Most global markets lacked direction early Tuesday, though Australia's benchmark reached its highest point since early 2008.
Through the third quarter, equities in Australia lagged behind other markets world-wide. But they came alive last month as prices for stocks and commodities rose globally.
Continue Reading Below
In addition, Hong Kong stocks continued to rebound. After erasing a decline of nearly 2% on Monday, the Hang Seng Index rose 1% Tuesday to hit a fresh 10-year high, aided by a 2.9% jump from Tencent Holdings.
Australia's S&P/ASX 200 rose 4% in October, its best month of the year, and is up another 1.5% for the first week of November to put 2017's gain at 6%. On Tuesday, the index briefly topped 6000 for the first time since early 2008; it was last up 0.6% at 5998.
Major mining companies BHP Billiton and Rio Tinto led gains. They both rose more than 2% Tuesday to hit their best levels in two and six years, respectively.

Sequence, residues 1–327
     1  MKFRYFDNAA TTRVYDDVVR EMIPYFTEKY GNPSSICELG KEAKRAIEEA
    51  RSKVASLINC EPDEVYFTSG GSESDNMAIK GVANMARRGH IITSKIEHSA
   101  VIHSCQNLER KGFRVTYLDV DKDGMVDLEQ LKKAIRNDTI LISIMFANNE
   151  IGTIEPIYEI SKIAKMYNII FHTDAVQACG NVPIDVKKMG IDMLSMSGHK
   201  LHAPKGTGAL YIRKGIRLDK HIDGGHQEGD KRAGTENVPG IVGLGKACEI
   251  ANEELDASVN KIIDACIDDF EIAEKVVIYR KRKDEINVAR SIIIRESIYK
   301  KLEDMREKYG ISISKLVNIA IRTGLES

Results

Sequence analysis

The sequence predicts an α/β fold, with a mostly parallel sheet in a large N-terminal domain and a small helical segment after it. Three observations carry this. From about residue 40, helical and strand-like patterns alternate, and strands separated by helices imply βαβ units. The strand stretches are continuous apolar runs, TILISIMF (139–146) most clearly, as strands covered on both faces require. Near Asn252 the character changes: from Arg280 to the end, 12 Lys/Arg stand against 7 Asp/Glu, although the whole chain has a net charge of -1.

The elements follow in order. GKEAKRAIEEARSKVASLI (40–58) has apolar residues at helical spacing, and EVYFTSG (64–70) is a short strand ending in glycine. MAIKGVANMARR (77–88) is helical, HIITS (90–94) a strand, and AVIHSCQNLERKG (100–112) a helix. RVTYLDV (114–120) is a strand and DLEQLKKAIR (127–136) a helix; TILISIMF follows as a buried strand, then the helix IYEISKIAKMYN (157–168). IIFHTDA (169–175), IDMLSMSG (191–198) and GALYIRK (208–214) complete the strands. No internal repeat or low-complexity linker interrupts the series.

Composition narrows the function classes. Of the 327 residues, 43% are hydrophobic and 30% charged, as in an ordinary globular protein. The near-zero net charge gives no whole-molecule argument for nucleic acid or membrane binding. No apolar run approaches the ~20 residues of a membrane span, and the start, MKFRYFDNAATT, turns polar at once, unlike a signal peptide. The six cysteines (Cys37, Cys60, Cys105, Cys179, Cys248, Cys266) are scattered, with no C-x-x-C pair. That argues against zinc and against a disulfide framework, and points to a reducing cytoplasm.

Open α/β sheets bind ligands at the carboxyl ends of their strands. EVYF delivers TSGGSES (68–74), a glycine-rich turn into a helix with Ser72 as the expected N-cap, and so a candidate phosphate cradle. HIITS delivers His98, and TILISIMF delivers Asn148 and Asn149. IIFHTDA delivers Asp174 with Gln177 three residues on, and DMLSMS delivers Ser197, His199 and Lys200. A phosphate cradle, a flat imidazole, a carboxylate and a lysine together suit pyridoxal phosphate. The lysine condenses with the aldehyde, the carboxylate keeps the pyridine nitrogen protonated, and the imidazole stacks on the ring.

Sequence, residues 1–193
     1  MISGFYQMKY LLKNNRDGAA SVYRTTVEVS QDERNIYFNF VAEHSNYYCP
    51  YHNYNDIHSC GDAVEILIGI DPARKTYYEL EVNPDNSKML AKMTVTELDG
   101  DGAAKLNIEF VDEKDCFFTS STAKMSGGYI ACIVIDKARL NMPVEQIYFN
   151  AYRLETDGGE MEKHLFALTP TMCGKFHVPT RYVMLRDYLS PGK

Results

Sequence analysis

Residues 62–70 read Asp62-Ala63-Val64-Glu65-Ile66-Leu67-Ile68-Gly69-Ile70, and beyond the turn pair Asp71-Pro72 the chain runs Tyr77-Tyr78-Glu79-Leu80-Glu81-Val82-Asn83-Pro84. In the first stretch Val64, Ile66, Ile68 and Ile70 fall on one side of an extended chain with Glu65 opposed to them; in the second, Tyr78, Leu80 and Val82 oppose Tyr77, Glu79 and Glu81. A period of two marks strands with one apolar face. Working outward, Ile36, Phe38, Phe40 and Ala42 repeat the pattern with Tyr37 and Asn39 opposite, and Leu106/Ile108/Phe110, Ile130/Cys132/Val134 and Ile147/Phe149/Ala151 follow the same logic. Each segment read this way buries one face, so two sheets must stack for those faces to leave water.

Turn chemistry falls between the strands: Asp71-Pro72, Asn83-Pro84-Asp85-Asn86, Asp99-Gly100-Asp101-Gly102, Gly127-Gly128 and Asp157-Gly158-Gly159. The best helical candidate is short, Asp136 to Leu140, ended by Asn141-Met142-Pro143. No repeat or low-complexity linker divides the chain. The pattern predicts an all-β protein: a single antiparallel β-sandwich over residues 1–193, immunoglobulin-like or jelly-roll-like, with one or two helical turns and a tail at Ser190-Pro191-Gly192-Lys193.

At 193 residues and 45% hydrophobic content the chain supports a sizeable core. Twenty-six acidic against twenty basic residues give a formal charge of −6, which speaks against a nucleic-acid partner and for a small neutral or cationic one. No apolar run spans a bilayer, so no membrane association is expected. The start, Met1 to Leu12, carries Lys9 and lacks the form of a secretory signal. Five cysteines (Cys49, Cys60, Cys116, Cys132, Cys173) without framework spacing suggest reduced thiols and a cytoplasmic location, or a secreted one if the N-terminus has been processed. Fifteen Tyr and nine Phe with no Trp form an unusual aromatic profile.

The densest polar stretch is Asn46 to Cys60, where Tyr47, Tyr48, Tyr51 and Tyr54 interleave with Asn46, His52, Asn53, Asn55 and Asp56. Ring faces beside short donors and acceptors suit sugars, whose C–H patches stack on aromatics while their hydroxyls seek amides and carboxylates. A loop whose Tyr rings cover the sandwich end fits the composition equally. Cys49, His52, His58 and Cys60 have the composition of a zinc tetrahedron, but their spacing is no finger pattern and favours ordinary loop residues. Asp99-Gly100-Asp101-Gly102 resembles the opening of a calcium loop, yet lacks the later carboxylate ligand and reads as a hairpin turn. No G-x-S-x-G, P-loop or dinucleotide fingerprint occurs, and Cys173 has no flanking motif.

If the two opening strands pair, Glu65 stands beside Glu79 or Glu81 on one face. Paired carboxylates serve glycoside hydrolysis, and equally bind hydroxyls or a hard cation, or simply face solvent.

Mining firms were helped by rebounding iron ore prices, which recently hit four-month lows. Futures prices on the Dalian Commodity Exchange in China shot up 5% on Monday and were recently up about 3.6%.
"Rising steel prices now have investors alert to the possibility that iron ore" might be putting in a base, "justifying a rally in the major mining stocks," said Ric Spooner, chief market analyst at CMC Markets.
Higher oil prices in U.S. trading gave other Australian stocks a lift. Santos and Woodside Petroleum each rose about 2.5%, with the former hitting its best level in 15 months.
After settling up 3% Monday, oil futures eased about 0.2% in early Asia trading.
No rate change is expected from the Reserve Bank of Australia later today, though there is a chance that its guidance, particularly on inflation, will become more dovish, analysts say.
Asian equity markets were quiet elsewhere, with benchmarks in Japan and Tokyo up less than 0.1%.
Write to Kenan Machado at firstname.lastname@example.org
(END) Dow Jones Newswires
November 06, 2017 21:08 ET (02:08 GMT)